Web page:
Bulkin’s enormous imagination is on full display here: trippy, nightmarish, and unforgettable.
Nadia Bulkin’s thirteen stories are as diverse in their themes as they are in their settings, yet they piece together excellently to showcase her skills. Their often grotesque imagery is the stuff of nightmares, but, at the same time, they are impossible to stop reading.
Bulkin plays with horror genre tropes in interesting ways. “Only Unity Saves the Damned” recalls scenes from The Blair Witch Project: a group of young adults take their camera into the forest in hopes of capturing a murderous myth on film.
From those woods to a ghost town destroyed by a mysterious gas leak to a conspicuously haunted hotel room, the settings of these stories topple typical horror expectations and rebuild them to house characters on personal journeys, many of which they never have the chance to complete.
Characters—even those who are dead and decaying—come alive in Bulkin’s pages. The young woman in “Seven Minutes in Heaven” acquires tattoos of her sternum and ribs on the skin atop her own bones to remind her how she conquered her fear of skeletons. Max, in “Absolute Zero,” suppresses his own dark urges to counter the disgust he feels toward his feral father. Characters become enlightened by facing the truly evil monsters that stalk their worlds.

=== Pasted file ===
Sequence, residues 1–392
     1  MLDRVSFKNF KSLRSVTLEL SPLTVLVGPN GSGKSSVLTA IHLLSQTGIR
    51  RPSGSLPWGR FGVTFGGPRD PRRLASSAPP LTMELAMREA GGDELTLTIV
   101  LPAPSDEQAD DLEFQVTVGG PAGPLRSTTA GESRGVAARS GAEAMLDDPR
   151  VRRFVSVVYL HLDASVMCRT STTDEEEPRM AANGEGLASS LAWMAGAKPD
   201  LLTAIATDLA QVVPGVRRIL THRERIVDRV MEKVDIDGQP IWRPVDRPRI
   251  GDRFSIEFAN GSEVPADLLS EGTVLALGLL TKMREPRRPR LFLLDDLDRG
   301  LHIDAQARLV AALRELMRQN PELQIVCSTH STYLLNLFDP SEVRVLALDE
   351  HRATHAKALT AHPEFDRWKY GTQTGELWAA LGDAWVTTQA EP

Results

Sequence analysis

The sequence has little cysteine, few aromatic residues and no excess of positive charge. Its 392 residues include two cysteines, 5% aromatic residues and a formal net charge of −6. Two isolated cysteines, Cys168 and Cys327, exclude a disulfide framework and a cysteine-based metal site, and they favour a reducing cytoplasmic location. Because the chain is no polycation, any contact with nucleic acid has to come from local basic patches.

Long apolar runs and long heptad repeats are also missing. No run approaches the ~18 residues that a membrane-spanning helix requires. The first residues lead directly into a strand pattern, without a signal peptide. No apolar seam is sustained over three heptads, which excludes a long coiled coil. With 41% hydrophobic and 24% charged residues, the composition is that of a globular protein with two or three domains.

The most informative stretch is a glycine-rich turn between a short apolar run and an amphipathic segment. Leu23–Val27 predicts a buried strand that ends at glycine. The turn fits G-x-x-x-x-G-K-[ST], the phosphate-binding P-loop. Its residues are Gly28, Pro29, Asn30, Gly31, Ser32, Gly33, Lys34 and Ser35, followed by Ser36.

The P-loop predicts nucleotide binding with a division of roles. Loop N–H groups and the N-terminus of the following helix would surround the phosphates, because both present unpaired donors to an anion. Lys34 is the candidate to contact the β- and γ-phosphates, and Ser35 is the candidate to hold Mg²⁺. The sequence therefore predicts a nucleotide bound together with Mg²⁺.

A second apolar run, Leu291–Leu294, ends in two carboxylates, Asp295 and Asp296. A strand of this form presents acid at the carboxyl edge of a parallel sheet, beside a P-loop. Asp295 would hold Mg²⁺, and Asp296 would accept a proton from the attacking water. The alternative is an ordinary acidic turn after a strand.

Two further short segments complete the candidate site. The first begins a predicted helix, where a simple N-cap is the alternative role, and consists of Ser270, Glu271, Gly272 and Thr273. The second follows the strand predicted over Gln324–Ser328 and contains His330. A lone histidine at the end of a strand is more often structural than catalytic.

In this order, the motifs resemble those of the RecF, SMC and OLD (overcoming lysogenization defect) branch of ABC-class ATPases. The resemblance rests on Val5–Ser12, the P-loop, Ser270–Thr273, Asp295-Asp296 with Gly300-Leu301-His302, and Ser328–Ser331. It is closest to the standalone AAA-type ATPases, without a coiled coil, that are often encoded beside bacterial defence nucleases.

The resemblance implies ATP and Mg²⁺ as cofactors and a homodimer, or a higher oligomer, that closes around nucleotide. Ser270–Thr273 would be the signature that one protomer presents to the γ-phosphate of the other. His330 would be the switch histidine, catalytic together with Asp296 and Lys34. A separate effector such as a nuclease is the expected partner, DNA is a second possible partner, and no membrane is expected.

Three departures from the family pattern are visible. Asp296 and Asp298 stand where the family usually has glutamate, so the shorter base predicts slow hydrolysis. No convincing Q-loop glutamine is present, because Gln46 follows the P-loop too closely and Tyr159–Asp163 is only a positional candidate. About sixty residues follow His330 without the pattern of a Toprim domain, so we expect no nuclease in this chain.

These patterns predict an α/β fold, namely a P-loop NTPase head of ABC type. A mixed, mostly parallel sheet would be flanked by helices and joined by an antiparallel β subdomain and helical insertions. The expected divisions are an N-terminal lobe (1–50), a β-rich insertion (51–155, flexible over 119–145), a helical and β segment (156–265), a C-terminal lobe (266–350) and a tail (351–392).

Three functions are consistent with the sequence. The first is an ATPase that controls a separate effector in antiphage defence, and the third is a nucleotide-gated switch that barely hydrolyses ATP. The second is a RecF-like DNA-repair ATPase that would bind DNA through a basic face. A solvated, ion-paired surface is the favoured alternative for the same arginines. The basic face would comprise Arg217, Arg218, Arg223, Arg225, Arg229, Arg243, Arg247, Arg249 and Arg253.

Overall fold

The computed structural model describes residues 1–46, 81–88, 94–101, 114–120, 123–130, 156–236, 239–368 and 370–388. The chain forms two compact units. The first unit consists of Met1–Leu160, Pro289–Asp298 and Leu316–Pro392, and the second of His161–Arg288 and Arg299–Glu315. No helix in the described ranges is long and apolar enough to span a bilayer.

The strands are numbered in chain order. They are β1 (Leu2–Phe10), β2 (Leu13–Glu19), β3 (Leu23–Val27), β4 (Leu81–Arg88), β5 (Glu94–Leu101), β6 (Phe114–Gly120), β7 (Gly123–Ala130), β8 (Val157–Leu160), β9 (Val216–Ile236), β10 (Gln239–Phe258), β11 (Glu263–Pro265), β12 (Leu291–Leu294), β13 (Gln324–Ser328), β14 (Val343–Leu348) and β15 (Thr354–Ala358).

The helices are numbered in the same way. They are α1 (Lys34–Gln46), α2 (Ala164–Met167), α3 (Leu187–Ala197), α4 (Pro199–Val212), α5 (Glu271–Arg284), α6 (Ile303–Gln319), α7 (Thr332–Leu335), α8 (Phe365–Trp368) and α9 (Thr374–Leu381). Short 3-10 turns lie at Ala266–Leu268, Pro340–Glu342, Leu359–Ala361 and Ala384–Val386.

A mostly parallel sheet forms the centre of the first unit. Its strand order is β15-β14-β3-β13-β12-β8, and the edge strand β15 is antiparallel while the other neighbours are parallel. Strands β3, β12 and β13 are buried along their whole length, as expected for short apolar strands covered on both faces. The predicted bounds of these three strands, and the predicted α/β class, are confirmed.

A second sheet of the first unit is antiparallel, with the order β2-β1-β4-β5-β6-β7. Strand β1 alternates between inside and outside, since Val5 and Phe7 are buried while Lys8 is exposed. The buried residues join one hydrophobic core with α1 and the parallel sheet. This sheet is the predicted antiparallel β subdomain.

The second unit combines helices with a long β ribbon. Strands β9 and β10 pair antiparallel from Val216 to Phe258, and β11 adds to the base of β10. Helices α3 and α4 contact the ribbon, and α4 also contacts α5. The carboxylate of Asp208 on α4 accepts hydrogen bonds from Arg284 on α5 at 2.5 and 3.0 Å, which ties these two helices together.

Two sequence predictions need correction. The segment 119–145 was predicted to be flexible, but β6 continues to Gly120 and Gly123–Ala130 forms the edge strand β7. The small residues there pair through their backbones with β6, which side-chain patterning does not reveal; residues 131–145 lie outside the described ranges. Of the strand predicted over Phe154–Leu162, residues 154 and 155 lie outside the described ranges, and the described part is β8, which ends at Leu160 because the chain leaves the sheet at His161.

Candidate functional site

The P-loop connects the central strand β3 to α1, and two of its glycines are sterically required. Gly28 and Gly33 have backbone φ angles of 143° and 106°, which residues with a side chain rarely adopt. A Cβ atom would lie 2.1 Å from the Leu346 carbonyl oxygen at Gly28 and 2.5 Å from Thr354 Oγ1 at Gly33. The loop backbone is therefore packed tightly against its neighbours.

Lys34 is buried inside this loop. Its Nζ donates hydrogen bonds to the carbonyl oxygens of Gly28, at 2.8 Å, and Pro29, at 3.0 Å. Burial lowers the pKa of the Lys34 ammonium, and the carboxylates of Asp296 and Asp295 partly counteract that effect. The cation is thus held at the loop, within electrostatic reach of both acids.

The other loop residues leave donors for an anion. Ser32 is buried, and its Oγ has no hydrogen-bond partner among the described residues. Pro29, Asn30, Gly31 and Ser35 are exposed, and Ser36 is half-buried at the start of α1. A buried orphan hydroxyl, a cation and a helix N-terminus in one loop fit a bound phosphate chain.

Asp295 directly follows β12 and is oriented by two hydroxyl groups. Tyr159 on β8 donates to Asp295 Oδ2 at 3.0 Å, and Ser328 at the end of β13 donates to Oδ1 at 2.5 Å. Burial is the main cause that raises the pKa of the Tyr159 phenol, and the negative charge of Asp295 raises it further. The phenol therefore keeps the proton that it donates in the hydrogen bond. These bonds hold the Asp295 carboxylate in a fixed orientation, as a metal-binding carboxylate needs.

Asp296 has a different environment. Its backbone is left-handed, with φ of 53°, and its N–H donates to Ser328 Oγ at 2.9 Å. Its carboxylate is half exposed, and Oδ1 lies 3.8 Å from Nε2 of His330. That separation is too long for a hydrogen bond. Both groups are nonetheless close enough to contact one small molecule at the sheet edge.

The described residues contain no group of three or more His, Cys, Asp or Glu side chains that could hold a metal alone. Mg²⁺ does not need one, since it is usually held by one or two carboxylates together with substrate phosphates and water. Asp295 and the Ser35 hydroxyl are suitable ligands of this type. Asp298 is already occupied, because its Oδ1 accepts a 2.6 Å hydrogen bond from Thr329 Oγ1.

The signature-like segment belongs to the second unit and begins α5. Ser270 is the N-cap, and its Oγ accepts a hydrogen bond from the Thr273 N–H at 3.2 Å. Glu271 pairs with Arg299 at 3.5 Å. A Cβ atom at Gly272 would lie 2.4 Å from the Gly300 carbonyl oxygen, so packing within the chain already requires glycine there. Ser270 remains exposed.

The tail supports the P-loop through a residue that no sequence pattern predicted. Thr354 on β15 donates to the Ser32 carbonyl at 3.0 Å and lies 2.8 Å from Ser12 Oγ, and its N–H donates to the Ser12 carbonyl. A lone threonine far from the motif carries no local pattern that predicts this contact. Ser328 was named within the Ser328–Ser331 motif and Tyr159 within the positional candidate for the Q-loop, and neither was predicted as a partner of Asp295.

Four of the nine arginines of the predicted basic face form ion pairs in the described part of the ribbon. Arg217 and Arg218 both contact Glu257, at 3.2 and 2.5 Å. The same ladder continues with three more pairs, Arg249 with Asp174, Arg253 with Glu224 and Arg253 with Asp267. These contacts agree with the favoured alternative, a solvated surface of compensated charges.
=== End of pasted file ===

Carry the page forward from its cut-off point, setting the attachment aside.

Each story contains its own unique world, whose truths unfold over the course of its fifteen or so pages. The tales are often memorable for their gruesome imagery: a seven-year-old girl whose living corpse is slowly rotting away; the half-goat ghost of a previous babysitter taking vengeance on the new one; creatures who emerge from the sea to trade gold in exchange for the chance to create amphibian-human hybrids.
Three of the tales in She Said Destroy have been nominated for the Shirley Jackson Award, and deservedly so. Bulkin’s enormous imagination is on full display here: trippy, nightmarish, and unforgettable.
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